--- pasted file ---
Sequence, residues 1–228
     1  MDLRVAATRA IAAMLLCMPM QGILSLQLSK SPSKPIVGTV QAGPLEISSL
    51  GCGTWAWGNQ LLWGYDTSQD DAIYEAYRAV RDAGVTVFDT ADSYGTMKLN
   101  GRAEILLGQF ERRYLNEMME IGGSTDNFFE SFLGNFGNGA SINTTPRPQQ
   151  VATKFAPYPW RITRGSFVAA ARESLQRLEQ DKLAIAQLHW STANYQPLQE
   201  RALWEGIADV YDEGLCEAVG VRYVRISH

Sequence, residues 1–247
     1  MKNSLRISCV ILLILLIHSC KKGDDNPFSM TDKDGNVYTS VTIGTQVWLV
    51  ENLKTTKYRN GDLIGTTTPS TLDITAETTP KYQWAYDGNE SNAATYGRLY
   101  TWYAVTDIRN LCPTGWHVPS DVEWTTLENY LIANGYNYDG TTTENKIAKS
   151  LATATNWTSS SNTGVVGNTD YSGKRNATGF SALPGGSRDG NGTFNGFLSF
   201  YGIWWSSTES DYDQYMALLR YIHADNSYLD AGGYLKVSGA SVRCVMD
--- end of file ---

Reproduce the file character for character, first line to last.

Sequence, residues 1–228
     1  MDLRVAATRA IAAMLLCMPM QGILSLQLSK SPSKPIVGTV QAGPLEISSL
    51  GCGTWAWGNQ LLWGYDTSQD DAIYEAYRAV RDAGVTVFDT ADSYGTMKLN
   101  GRAEILLGQF ERRYLNEMME IGGSTDNFFE SFLGNFGNGA SINTTPRPQQ
   151  VATKFAPYPW RITRGSFVAA ARESLQRLEQ DKLAIAQLHW STANYQPLQE
   201  RALWEGIADV YDEGLCEAVG VRYVRISH

Sequence, residues 1–247
     1  MKNSLRISCV ILLILLIHSC KKGDDNPFSM TDKDGNVYTS VTIGTQVWLV
    51  ENLKTTKYRN GDLIGTTTPS TLDITAETTP KYQWAYDGNE SNAATYGRLY
   101  TWYAVTDIRN LCPTGWHVPS DVEWTTLENY LIANGYNYDG TTTENKIAKS
   151  LATATNWTSS SNTGVVGNTD YSGKRNATGF SALPGGSRDG NGTFNGFLSF
   201  YGIWWSSTES DYDQYMALLR YIHADNSYLD AGGYLKVSGA SVRCVMD